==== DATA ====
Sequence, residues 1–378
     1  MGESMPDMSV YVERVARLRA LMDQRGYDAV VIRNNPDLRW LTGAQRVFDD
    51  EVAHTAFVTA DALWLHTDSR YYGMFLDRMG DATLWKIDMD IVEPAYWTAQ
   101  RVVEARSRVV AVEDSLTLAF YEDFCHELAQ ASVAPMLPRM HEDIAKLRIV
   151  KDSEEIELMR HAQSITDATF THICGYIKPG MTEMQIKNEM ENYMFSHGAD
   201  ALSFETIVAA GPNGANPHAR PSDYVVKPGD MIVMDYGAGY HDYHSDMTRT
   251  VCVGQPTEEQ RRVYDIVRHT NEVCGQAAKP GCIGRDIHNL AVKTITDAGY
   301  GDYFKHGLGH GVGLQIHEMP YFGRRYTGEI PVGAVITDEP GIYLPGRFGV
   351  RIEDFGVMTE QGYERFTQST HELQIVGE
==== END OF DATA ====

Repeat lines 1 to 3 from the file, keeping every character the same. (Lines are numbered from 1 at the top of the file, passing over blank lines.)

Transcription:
Sequence, residues 1–378
     1  MGESMPDMSV YVERVARLRA LMDQRGYDAV VIRNNPDLRW LTGAQRVFDD
    51  EVAHTAFVTA DALWLHTDSR YYGMFLDRMG DATLWKIDMD IVEPAYWTAQ